I’m a member of the AIBP (of course) and I am an affiliate photographer for the non profit Now I Lay Me Down To Sleep. I feel that NILMDTS has helped my soul grow and I have learned the true value of life through this organization.
Do you compete and do you have any opinions on it? AIBP runs contests regularly. Do you participate? If not, is there a reason you don’t?
I haven’t participated in many competitions – mainly just due to my anxiety.
SOME FUN MORE PERSONAL STUFF:
I love supporting local, so I try to find things that are local. I love watermelon and ice cream for my every day favorites. I would never turn down either of those.
One guilty pleasure in life?
Cold Stone Ice Cream and Decaf Lattes.
What is your favorite piece of clothing?
I love Strawberry Revolution. I am NOT stylish at all. My husband seriously has to approve my clothes almost daily.
What’s one song on your playlist?
Sublime – What I got
I love 90s alternative – Goo Goo Dolls, Jack Johnson, Spice Girls and BSB and Nsync. Don’t judge. You know you love them.
Usher, Nelly, Frickin’ A, Britney Spears….
System of a Down – Any of their songs
What’s your favorite movie genre? Example?
I love comedies and thrillers. I really don’t like chick flicks. I cry enough as it is. I don’t like horror movies or scary movies – but I love intense movies like Disturbia. Any movie where the good guy wins. If kids/animals are hurt in the movie, I immediately don’t like it.
Favorite shoes to wear?
I love flip flops, sandals, etc. I hate buying shoes and I only have a few pair, really. I don’t buy brand name things.
What are you currently reading?
You are a bad ass. I love business books and books that offer a new perspective in life, like Eckhart Tolle.
If you could go anywhere in the world, where would that be?
If I could go anywhere, it would probably be my grandparent’s home. I made a lot of great memories there and I miss them dearly. I wish we lived in the same city because I would buy that house in a heartbeat.
If you could go back and do over anything in your life, what would that be?
I would encourage the younger version of myself to care less about my exes. I was way too worried about finding the right person. My biggest aspiration in life was to be happily married and have a family. I wish I would have had the confidence in myself enough to know that happiness started with me, and no one else.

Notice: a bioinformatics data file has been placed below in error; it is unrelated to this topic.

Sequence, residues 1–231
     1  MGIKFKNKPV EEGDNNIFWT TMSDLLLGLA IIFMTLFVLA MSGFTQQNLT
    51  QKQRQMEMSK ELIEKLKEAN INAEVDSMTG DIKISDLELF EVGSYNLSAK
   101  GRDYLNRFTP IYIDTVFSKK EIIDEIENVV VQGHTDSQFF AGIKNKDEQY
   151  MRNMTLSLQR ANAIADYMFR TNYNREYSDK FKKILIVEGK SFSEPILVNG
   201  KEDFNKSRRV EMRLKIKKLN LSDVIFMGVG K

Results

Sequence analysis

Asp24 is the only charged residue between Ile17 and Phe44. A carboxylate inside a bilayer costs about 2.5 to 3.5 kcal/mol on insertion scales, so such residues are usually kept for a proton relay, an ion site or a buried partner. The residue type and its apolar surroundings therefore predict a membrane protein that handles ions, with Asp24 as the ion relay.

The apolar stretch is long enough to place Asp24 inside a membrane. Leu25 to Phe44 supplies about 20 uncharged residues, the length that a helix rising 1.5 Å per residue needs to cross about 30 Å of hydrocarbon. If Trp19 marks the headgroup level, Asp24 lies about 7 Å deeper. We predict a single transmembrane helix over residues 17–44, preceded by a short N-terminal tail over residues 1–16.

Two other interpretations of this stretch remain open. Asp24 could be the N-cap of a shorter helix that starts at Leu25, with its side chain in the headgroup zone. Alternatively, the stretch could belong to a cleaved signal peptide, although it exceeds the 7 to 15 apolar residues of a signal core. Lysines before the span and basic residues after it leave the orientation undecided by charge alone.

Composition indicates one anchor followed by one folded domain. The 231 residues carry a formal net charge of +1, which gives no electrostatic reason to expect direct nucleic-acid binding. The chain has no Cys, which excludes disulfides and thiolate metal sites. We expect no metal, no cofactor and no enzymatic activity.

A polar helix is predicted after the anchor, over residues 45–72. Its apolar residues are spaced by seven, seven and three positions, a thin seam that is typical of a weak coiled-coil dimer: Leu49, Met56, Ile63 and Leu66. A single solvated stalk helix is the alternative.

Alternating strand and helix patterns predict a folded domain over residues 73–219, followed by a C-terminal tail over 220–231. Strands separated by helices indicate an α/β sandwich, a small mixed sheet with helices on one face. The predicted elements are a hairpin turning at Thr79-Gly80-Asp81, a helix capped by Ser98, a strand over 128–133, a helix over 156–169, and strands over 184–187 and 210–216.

If you could meet and photograph someone famous, who would that be and why?
Leonardo DiCaprio. He is not only probably the ONLY person on my list of sexy men, his heart is just… amazing. What he’s done for the environment and for the world is something that I applaud beyond words. I wish I could just have dinner with him and listen to his story and really get to know him for a few hours. He’s so interesting to me. #Leo2020
What do you struggle with the most in life? (not photo related)
My anxiety. I have really bad social anxiety and self confidence issues. This whole article I’ve been questioning my writing style and how I’ve been kind of off topic. Sometimes I get really worried about it, but then I step back and realize if someone doesn’t like it – that’s a reflection of them and not me. I need to remind myself it’s okay to be myself, unapologetically.
Are you married, single, have kids, husband? Is life a juggling act for you?
My husband and I have two beautiful girls and my life is kind of like when Alice falls down the rabbit hole and she’s doing things as she’s falling. That’s what my life feels like with my anxiety.
Who inspires you the most in life? Work?
I’ve covered this in the other questions (whoops) 😉
If you could provide one single piece of advice to influence a young person’s direction in life, what would that be
Be yourself, and don’t apologize for it. If you’re not hurting someone else, just embrace everything you stand for. I’d rather die standing than on my knees.